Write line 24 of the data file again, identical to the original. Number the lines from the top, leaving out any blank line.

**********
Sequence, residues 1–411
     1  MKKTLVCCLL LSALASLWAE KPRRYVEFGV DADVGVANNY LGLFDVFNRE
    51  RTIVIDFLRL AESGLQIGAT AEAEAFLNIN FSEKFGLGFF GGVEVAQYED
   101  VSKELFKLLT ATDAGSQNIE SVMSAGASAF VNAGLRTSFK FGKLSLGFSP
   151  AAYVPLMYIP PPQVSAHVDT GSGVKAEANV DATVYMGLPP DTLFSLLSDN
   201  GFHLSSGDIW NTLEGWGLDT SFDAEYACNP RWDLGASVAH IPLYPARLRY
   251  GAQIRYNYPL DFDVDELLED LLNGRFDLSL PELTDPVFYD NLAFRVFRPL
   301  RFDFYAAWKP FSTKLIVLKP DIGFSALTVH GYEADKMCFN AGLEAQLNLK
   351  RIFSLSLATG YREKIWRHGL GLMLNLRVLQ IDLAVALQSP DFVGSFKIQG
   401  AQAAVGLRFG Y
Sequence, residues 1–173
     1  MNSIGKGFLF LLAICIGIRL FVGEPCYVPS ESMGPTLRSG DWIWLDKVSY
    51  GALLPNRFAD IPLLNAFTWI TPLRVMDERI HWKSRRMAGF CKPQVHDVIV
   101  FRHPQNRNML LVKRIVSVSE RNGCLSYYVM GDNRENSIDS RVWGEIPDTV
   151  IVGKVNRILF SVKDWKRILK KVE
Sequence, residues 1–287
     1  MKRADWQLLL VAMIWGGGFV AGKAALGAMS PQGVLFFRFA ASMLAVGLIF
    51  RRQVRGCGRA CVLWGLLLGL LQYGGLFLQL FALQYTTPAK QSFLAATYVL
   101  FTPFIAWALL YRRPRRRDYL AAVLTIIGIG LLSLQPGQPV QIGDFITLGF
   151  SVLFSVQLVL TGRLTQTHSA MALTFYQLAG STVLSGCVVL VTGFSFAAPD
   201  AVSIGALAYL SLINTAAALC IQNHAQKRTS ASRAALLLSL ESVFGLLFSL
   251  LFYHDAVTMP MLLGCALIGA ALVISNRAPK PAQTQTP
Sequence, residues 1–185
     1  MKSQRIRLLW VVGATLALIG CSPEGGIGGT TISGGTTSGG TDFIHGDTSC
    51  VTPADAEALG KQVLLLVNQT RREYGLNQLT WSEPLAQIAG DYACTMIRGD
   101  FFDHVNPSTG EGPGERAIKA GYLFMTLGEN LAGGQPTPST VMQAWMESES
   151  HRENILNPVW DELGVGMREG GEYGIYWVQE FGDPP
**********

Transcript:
     1  MKSQRIRLLW VVGATLALIG CSPEGGIGGT TISGGTTSGG TDFIHGDTSC